Shaman King Makes the Same Regressive Mistake With [SPOILER]’s Death

WARNING: The following contains spoilers for Season 1 of Shaman King (2021), now streaming on Netflix.

Protagonist Asakura Yoh is lucky to make a few allies along his way to try and win the Shaman Fight in the Shaman King reboot. One of them is the enigmatic Lilirara, a member of the Seminoa tribe in America. However, just when it seems like she'll have a major role to play in guiding Yoh's coalition against sinister forces, the series makes the same regressive mistake the source material did with her death.

In the Season 1 finale of Shaman King (2021), Lilirara educates Yoh's team on the Patch tribe, making it clear that Silva and his Native American colleagues running the tournament are shady. They're not the officials they claim to be, having helped murder Lilirara's tribe centuries ago.

This is all part of some twisted mission for the Patch to create a Shaman Kingdom in which mankind has been wiped out. Discovering this blows Yoh's mind as he thought Silva and the other Patch priests were helping them out, prepping the soldiers to determine who'd become the next godlike king.

Eventually, Yoh's Shaman King crew departs for a three-month trek to the tournament, but they're much more wiser and thankful now that Lilirara has put them on high alert. She's hopeful, along with her four Spirit Allies, that they can change the tournament and bring the Patch tribe down. But things suddenly take a dark turn when she's impaled by the Great Spirit of Fire -- Hao's Over Soul in its demonic form --, which appears as the fire elemental golem.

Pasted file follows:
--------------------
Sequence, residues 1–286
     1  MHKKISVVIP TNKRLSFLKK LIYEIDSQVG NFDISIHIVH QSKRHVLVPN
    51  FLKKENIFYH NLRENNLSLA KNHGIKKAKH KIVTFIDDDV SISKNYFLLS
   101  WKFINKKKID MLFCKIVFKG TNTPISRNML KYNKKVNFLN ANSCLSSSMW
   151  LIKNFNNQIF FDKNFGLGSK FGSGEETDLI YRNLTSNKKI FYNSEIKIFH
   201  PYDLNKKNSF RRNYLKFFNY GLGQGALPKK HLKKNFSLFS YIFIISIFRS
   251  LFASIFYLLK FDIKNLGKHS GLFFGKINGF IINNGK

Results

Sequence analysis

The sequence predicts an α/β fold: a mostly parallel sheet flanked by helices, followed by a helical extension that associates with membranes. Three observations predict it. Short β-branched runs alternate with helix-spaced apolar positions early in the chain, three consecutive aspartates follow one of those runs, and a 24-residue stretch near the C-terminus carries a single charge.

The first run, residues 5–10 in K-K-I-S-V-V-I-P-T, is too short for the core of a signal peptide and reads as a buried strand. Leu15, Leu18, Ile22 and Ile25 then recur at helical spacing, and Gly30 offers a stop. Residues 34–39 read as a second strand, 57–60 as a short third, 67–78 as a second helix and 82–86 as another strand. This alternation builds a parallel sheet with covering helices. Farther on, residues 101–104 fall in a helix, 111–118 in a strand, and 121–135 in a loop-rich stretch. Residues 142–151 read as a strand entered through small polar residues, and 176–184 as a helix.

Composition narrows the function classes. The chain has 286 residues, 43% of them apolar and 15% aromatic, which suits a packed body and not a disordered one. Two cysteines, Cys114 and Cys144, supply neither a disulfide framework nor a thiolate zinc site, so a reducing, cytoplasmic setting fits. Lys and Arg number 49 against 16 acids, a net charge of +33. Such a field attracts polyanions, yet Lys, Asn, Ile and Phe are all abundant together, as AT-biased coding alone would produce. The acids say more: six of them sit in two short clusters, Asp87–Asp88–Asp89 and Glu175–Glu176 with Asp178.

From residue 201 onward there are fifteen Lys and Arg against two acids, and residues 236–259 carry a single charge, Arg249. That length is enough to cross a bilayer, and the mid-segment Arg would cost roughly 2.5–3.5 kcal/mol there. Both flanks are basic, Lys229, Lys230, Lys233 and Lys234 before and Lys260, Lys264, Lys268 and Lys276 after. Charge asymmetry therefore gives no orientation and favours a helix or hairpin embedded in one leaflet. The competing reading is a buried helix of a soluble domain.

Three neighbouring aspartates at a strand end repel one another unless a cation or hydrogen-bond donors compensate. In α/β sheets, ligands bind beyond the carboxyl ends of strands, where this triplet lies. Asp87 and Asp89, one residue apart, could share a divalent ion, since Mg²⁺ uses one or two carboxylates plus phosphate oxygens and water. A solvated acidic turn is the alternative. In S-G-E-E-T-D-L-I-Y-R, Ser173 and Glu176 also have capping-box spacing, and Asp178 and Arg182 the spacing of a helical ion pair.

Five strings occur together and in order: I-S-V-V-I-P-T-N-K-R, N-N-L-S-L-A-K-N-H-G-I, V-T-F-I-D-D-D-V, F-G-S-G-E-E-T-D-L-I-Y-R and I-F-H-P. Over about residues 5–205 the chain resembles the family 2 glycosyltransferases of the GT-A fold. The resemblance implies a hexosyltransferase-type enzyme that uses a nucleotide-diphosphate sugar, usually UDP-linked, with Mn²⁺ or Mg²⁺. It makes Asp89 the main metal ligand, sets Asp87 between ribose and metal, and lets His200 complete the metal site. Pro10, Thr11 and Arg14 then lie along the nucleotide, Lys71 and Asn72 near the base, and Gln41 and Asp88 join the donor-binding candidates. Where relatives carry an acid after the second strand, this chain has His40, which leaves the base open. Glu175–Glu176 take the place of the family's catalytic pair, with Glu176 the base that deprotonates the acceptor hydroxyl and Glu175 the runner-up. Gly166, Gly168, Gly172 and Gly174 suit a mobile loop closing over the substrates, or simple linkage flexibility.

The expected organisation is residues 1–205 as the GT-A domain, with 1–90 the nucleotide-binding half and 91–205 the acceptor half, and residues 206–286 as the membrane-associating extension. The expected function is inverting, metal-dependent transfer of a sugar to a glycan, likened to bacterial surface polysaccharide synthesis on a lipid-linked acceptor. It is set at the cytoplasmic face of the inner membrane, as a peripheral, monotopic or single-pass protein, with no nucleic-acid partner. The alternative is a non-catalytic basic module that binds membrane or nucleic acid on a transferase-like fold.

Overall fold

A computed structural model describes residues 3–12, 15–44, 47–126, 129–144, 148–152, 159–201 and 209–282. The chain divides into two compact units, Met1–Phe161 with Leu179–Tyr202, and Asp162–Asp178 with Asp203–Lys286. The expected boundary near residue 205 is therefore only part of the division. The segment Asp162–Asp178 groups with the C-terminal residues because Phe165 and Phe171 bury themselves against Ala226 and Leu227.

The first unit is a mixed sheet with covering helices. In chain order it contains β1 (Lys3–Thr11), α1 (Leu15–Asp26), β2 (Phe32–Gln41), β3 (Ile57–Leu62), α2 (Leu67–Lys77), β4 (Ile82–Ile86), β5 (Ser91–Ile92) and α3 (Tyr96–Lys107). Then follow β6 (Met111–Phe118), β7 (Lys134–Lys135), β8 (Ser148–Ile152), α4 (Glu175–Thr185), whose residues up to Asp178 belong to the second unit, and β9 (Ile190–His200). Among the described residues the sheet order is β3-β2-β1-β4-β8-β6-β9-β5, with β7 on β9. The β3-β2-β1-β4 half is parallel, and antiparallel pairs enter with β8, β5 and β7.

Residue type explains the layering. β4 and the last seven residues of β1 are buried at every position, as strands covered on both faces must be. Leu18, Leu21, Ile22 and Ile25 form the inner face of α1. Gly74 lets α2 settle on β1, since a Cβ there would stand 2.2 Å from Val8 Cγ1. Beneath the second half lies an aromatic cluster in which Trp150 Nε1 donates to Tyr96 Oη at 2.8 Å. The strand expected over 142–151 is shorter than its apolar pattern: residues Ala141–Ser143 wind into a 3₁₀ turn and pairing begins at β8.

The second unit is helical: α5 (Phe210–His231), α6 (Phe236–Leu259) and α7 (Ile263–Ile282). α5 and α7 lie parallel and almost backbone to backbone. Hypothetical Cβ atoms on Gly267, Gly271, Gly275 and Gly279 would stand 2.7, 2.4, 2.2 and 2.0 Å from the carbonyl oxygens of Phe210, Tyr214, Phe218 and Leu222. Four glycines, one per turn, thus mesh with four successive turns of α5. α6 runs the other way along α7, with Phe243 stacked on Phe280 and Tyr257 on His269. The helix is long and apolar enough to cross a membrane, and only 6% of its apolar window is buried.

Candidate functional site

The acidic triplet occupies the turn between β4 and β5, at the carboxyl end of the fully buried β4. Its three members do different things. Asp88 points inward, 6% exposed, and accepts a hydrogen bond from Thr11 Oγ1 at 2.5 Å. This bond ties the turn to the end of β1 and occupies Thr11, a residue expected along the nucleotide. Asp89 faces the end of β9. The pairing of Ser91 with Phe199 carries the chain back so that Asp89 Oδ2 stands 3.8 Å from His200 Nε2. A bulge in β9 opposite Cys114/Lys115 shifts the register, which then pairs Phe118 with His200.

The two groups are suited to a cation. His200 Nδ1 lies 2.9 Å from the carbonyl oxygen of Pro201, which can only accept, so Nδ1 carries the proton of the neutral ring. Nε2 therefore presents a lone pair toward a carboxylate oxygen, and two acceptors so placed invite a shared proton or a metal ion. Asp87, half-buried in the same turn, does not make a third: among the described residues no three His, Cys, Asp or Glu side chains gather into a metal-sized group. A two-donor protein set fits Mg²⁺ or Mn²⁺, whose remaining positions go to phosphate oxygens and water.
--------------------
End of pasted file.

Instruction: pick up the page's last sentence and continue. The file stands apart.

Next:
Hao warns her he's manipulating Yoh's team and she shouldn't meddle. This has to do with him being Yoh's evil, long-lost twin brother, as well as, Lilirara realizes, the reincarnation of the Patch killer from five centuries ago who slaughtered her tribe. He incinerates her and her Spirit Allies, making it clear his flame won't even allow their souls to go to the afterlife. This follows the manga, not the 2001 anime, in which Lilirara lived and tried to help Yoh's crew more.

The problem isn't that she's killed here, it's that it happens so soon. She only gets one episode to shine in the Shaman King reboot. Lilirara's really impressive, using a genjutsu-like technique to make Yoh's team feel the pain of her ancestors, coming off like Naruto's Itachi. We'd have loved to see more of her powers in battle. Plus, with her wisdom, she just has so much more to mine; her sage-esque qualities could have offered more insight than anyone else.

The show doesn't have many strong women either, leaving even more of a bad aftertaste (though if it seems like the series will just bring her back in the Soul Train later on). As it stands, Anna's there to prop Yoh up, Tamao doesn't do anything but fawn over Yoh, while Jun feels like mere support to Tao Ren. Lilirara, on the other hand, is a gatekeeper of culture, a person of color, a minority and a custodian of something more than spirits -- she guards the heritage, tradition and legacy of an extinct clan.

Had she even been kept on for the second season of Shaman King (2021), as well as her powers and knowledge, she would have added a lot more in terms of diversity, feminist power and better representation.

urara kasugano in front of saayayakushiji and ciel kirahoshi from pretty cure
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